Stocks making the biggest moves in the premarket: TripAdvisor, T-Mobile US, FedEx, Uber & more

Take a look at some of the biggest movers in the premarket:

Booking Holdings (BKNG) – Booking Holdings lost $10.81 per share for its latest quarter, smaller than the loss of $11.50 predicted by Wall Street analysts. The parent of Priceline,, Kayak and other travel services also saw revenue beat estimates, even as the pandemic caused a 91% drop in travel bookings from a year earlier.

TripAdvisor (TRIP) – TripAdvisor reported a quarterly loss of 76 cents per share, wider than the 63 cents a share loss representing the consensus analyst estimate. The travel review site operator’s revenue beat forecasts, however, and the company said travel demand trends have been improving since the April low.

T-Mobile US (TMUS) – T-Mobile beat estimates by 2 cents a share, with quarterly earnings of 9 cents per share. The mobile operator’s revenue beat estimates as well. T-Mobile also said it had overtaken AT&T (T) as the No. 2 mobile carrier in the U.S. behind Verizon (VZ) after adding a greater number of subscribers than expected during the quarter.

FedEx (FDX) – Stephens named FedEx its “Best Idea” for the remainder of 2020 while reiterating an “overweight” rating. The firm said it sees 10 potential upside catalysts for the stock, including pricing power and a rebound in business-to-business demand.ush

Dish Network (DISH) – The satellite TV company reported quarterly earnings of 78 cents per share, 19 cents a share above estimates. Revenue also beat Wall Street forecasts. The company said the pandemic is causing significant disruption in certain commercial segments, including the hospitality and airline industries.

Intercontinental Exchange (ICE) – Intercontinental Exchange is buying mortgage technology platform provider Ellie Mae for $11 billion, including assumed debt. The New York Stock Exchange owner has made several mortgage servicing acquisitions over the last few years in an effort to grow its business in that sector.

Uber Technologies (UBER) – Uber lost $1.02 per share for its latest quarter, a loss that was 16 cents a share wider than Wall Street was expecting. Revenue was better than forecast. Demand for Uber’s ride-hailing service saw a halting recovery amid the Covid-19 pandemic, but business for the company’s Uber Eats food delivery service more than doubled compared to a year earlier.

Zillow (ZG) – Zillow reported a surprise profit and better-than-expected revenue, with the digital real estate company benefiting from a rebound in the residential property market.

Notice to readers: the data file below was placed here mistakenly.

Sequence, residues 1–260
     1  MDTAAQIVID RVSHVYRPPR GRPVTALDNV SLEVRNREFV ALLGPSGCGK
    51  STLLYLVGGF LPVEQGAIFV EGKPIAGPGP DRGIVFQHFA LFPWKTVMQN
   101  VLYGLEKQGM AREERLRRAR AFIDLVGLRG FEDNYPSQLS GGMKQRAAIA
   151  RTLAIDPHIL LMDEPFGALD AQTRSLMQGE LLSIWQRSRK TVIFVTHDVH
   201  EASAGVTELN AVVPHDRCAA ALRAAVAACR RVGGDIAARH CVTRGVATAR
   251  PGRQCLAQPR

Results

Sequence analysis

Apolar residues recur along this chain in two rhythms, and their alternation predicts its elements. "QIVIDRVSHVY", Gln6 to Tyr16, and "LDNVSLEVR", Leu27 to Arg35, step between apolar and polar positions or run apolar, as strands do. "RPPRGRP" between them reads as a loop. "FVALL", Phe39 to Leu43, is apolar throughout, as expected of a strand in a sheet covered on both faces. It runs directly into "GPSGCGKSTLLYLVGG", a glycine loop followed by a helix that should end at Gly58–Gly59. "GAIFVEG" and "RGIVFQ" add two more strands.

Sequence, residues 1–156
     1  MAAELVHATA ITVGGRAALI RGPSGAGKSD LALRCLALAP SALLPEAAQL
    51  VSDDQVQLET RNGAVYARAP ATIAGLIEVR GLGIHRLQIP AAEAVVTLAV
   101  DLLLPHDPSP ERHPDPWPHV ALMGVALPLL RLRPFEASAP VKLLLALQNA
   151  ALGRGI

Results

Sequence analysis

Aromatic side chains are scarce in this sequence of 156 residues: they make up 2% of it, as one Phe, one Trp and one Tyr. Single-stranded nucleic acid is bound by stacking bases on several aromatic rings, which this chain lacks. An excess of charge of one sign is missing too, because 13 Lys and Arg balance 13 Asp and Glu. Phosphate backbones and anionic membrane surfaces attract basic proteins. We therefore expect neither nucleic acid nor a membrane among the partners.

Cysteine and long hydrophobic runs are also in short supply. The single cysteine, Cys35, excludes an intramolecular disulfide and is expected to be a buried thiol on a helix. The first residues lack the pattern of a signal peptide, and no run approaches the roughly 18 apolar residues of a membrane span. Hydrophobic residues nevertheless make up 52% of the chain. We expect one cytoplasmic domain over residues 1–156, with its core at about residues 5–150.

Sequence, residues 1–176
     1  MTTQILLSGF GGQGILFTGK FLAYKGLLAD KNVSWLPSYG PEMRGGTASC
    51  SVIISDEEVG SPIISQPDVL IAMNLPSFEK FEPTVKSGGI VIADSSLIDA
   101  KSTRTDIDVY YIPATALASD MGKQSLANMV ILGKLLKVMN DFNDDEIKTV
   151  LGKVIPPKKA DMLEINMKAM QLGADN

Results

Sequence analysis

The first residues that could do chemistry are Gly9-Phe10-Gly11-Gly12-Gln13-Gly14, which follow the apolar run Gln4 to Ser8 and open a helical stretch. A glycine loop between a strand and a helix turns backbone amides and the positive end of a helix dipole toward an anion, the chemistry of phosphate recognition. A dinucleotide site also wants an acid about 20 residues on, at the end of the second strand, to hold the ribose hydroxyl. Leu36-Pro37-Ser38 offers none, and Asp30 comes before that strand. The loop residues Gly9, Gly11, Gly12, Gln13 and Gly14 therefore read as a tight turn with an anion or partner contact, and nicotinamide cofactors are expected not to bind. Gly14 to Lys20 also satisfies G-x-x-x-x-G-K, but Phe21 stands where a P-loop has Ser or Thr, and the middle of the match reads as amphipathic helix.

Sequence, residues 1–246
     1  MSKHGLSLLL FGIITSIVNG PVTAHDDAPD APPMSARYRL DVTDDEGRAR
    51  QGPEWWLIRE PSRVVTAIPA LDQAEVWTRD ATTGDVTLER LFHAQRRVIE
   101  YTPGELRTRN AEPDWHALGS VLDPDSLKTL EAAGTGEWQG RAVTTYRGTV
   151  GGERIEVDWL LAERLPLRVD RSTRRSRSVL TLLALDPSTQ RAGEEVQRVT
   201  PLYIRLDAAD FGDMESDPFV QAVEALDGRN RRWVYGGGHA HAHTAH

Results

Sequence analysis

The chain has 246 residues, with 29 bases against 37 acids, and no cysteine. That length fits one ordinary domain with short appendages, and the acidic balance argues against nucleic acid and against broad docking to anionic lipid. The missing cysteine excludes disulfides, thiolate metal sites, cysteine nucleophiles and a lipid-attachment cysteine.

Dropbox (DBX) – Dropbox beat estimates by 5 cents a share, with quarterly earnings of 22 cents per share. The file-sharing service’s revenue also topped forecasts, benefiting from the surge in demand from employees working at home. Average revenue per user fell from a year earlier, however. Separately, the company announced the resignation of Chief Financial Officer Ajay Vashee.

Datadog (DDOG) – The provider of cloud monitoring software reported quarterly profit of 5 cents per share, beating the 1 cent a share consensus estimate. Datadog also noted that its customers are “under business pressure” due to the pandemic. (STMP) – beat quarterly earnings estimates by a wide margin, earning $3.11 per share compared to the $1.26 a share consensus estimate. The provider of mailing and shipping services said it is benefiting from the surge in e-commerce, and it raised its financial guidance for the year.

Groupon (GRPN) – Groupon earned 93 cents per share for its latest quarter, compared to a consensus estimate of a $2.75 per share loss. The company best known for daily deals also saw revenue nearly double consensus estimates, but said it would begin another round of layoffs to reduce expenses.

News Corp (NWSA) – The publisher of The Wall Street Journal saw quarterly revenue fall by 22%, as the pandemic hit ad sales for its publications and websites, but results exceeded analysts’ forecasts. A quarterly loss of 3 cents per share was also smaller than the 8 cents a share that analysts had been expecting.

GoPro (GPRO) – The high definition camera maker reported a loss of 20 cents per share, 3 cents a share wider than expected. Revenue exceeded analysts’ forecasts. In-store sales were hit by the pandemic, leading to an overall sales decline of 54%, but GoPro said it saw a surge in digital sales and that it is now seeing a faster-than-expected retail rebound.

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